How infrared is used to locate exoplanets
Exoplanets are planets that orbit stars other than our own Sun, and identifying them is one of the most significant challenges of present-day space exploration.
We know of an ever-growing number of exoplanets, including some in the so-called ‘goldilocks zone’ at a distance from their star where life could potentially survive.
But identifying exoplanets in the first place is not easy, and it all comes down to resolution.
When you look up at the night sky with the naked eye, stars appear as pinpricks of light, and only the nearest and brightest can be seen at all.
Consider the relative size of those stars to the planets that orbit them – and how close those planets are in cosmological terms – and you can start to imagine why it’s so hard to spot tiny exoplanets orbiting in the glare of their sun.
Adaptive optics working in the infrared range are key to ‘resolving’ those images clearly enough for exoplanets to be distinguished from the star they surround.
For ground-based telescopes, the Earth’s atmosphere is a further complication, and they must use mirrors to compensate for the ‘twinkling’ effect that the layers of atmosphere give to the light from distant bodies.
Space telescopes don’t have that problem as they make their observations outside of Earth’s atmosphere.
Interestingly, the best hope to find habitable planets in distant solar systems is if infrared imaging of the system comes up with nothing.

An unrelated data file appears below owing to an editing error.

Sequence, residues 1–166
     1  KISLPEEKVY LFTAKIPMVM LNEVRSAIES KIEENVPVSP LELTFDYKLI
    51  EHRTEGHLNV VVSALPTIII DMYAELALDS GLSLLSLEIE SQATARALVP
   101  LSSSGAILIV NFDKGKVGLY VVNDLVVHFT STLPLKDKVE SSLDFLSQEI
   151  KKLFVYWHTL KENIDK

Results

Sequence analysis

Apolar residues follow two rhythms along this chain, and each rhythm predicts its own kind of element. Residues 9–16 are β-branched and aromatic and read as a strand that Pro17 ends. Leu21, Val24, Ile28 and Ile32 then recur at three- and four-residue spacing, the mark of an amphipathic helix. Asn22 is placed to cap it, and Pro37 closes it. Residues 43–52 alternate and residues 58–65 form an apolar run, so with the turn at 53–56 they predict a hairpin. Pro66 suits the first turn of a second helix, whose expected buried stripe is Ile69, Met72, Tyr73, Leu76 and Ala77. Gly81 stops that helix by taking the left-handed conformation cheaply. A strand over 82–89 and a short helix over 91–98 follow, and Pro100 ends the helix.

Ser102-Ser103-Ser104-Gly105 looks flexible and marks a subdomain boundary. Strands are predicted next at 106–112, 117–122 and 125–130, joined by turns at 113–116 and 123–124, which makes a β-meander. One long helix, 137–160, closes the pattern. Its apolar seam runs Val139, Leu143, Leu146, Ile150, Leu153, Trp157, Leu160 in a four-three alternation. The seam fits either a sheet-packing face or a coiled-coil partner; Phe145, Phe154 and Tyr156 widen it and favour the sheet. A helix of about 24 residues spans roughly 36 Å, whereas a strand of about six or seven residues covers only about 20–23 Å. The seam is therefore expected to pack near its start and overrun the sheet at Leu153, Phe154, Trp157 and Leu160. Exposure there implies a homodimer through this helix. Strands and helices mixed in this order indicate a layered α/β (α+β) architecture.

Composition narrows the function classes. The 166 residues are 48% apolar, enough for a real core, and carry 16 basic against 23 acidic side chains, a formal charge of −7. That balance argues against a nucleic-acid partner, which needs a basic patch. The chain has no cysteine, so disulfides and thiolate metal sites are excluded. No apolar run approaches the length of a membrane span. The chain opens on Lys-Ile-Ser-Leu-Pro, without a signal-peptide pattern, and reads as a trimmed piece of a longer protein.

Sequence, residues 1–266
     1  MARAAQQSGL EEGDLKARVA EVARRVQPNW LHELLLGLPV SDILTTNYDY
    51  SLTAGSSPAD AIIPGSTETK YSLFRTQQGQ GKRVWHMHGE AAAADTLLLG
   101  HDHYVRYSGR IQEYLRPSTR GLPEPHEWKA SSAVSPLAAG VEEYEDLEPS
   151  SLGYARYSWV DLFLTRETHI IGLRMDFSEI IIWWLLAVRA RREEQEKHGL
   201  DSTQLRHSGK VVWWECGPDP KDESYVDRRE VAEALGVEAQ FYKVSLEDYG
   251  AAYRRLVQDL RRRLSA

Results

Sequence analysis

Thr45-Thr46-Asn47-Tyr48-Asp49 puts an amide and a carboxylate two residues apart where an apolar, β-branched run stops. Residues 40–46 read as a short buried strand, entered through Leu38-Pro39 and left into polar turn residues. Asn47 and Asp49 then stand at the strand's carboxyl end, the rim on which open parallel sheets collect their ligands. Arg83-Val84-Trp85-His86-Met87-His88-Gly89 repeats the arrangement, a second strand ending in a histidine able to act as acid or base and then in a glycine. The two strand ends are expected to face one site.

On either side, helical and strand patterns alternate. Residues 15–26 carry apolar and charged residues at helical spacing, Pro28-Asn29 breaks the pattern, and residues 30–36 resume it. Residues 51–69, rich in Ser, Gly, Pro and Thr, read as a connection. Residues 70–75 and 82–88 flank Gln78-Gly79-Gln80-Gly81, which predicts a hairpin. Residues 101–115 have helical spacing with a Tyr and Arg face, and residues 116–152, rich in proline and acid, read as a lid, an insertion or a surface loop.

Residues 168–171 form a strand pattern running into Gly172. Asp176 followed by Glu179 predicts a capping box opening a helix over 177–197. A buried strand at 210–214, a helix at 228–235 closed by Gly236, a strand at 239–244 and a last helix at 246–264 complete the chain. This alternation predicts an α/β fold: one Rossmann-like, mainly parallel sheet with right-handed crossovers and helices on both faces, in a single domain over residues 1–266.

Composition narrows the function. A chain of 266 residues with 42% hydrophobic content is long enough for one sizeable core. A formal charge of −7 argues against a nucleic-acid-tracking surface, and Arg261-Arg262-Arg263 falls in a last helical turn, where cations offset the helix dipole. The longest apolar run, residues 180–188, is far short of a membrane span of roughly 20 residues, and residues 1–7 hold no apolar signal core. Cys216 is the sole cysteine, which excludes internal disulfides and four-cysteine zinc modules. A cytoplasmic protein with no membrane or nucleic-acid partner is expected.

That’s because the warmer bodies in those distant star systems tend to be gas giants, and we would expect their gravity to clear their system of any potentially habitable rocky planets in the goldilocks zone.
Because of this, imaging a solar system in infrared and seeing nothing is actually a promising result – a way to eliminate hot gas giants from the equation and leave the prospect of cool and possibly even wet rocky planets more similar to Earth.
Proving a negative is always difficult in science, but by looking specifically for gas giants that are not there, infrared imaging of distant solar systems is helping us to quantify the likelihood that life in some form exists around the stars that neighbour our own.
For more information on the uses of infrared filters please contact us here.